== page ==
Area High Schoolers Enjoy ASM Camp
While Americans reach deeper and deeper into their pockets to pay for gas, some of our local youth have been focusing on how to solve the energy crisis. Twenty high school students from across southern middle Tennessee attended ASM MaterialsSM Camp at The University of Tennessee Space Institute the last week of June, studying some of the fundamentals of materials science with a special focus on alternative energy sources. Led by UTSI faculty, research staff and summer interns, students learned about materials science and structure, gases and liquid vapor, quantum mechanics, solid state physics and lighting, conductivity, internal refection of light, lasers, fluorescents, nanocrystals, rockets and space propulsion, harvesting solar energy, and global warming. Each topic of advanced science was tied into the week’s theme of solving the world’s energy crisis.
On the last day of camp, students presented their conclusions on how to save the Earth from our current energy emergency in a play entitled “Quantum of Solarz.” Written and directed by UTSI Post-doctoral researcher Brian Canfield, the play explained how the energy of the sun can be harnessed to provide energy for future generations.
While concentrating on such a serious subject, campers still had a tremendous amount of fun at UTSI and enjoyed the beautiful campus, nestled in the woods next to Woods Reservoir. Students performed many hands-on experiments, led by UTSI research staff and several undergraduate summer interns, and even got to work with UTSI’s world-class equipment and research materials.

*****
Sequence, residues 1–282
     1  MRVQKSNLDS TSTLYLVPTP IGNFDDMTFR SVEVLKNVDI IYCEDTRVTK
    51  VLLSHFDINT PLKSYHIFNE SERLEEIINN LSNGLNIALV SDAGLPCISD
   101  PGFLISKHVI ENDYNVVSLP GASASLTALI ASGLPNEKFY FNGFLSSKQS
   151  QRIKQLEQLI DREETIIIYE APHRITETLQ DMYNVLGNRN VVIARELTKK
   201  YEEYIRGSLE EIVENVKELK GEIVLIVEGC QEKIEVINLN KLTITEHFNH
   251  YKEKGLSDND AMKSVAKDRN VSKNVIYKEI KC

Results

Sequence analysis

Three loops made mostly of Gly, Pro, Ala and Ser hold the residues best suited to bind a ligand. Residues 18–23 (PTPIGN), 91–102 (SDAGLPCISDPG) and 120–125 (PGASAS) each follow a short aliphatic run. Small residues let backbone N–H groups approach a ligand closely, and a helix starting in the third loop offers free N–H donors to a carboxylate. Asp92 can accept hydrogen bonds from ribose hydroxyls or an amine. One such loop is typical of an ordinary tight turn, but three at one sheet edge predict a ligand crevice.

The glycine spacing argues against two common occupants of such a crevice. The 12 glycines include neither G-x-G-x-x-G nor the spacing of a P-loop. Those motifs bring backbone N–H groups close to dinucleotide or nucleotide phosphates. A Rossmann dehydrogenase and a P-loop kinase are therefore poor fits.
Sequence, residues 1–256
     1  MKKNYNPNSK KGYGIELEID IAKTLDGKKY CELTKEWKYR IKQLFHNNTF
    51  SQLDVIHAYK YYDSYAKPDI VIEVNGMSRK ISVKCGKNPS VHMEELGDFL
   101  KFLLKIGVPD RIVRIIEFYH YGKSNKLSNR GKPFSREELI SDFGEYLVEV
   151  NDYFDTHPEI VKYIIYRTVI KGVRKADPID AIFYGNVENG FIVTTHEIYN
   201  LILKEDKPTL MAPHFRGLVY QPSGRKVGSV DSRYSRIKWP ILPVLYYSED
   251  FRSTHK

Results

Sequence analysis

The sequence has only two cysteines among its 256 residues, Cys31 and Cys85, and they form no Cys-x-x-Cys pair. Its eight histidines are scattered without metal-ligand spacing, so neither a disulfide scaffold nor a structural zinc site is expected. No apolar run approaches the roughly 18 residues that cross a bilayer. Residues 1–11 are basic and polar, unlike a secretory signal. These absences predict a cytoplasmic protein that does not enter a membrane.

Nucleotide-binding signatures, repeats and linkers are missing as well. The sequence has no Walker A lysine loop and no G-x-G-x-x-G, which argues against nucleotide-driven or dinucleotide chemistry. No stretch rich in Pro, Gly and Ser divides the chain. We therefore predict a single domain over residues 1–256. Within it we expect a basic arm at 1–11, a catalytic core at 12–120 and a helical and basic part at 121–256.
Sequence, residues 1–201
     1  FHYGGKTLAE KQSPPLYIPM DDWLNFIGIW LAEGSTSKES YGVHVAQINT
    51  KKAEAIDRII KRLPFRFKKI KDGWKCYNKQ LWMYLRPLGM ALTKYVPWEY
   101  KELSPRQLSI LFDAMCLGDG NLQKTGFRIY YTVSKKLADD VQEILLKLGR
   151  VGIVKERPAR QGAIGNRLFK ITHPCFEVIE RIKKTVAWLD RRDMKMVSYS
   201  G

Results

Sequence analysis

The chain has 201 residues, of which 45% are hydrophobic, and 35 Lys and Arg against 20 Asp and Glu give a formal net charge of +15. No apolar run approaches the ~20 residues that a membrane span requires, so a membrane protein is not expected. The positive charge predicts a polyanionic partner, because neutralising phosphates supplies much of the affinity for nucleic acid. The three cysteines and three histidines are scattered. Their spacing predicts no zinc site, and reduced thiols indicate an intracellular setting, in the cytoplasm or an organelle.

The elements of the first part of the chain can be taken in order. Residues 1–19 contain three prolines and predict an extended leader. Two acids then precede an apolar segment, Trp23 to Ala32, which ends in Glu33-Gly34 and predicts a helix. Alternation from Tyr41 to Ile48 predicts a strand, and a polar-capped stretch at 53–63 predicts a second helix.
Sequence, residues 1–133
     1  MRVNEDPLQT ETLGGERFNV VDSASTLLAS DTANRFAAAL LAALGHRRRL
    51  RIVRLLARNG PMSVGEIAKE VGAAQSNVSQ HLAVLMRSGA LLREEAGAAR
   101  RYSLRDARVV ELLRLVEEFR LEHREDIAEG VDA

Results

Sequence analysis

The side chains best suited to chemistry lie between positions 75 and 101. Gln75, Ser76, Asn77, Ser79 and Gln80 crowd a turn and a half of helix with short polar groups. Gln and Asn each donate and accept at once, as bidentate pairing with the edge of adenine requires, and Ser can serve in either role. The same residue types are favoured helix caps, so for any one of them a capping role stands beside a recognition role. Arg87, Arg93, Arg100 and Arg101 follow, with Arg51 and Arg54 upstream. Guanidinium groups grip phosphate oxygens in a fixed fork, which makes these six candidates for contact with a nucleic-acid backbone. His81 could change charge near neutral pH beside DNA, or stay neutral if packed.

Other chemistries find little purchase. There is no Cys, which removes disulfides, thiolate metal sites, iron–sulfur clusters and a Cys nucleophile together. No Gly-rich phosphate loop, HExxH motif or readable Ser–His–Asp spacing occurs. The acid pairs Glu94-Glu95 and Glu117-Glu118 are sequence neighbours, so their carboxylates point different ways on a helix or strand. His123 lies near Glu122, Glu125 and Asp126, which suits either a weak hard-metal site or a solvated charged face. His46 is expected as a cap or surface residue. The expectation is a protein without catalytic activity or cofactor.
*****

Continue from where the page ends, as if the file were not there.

ASM MaterialsSM Camp is partially sponsored by ASM International, the society for materials engineers and scientists, a worldwide network dedicated to advancing industry, technology, and applications of metals and materials. UTSI offers enrichment programs for area youth throughout the year. All of UTSI’s youth programs are open to public school, private school, or home-schooled students.
ASM CAMP ENDS WITH A “GREEN PLAY”— ASM Campers, UTSI research staff, students and summer interns all participated in a play entitled “Quantum of Solarz” on the final day of camp. “Quantum of Solarz” was a theatrical presentation of the students’ conclusions on how to solve the current energy crisis using the power of the Sun. Pictured from left to right are Kate Lansford, Brittany Kriz, Densu Aktas, You Li, Cameron Brewer, James German, Kelly Carter, Justin Crawford, Marie Jarvis, Dan Krywaruczenko, Yelena White, Ryan Carter, Lino Costa, Julia Shi, and Connie Manko.
GETTING THE ROCKET READY — ASM Camper Anne Kelly and UTSI Graduate Research Assistant Joel Thompson are shown above preparing a bottle rocket experiment for launch. Once set the rocket, half full of water, will be pumped up with air until the intense build-up sends it soaring into the atmosphere.
ASM CAMPERS BUILD SPECTROMETERS — Graduate Research Assistant Jason King (standing in back) is showing ASM Campers how to build a homemade spectrometer with a CD. A spectrometer uses light to identify the chemical composition of matter, and is a frequently used tool of the trade in UTSI’s Center for Laser Applications. For example, a spectrometer “looking at” sunlight that has passed through the air above a city can detect what gases the air contains, including all the pollution from cars and factories. Shown above around the table are Brittany Krig, Anne Kelly, and Traci Lamas (backs to camera,) and Ryan Carter, Julia Shi, and Marcos More.
— UTSI Photos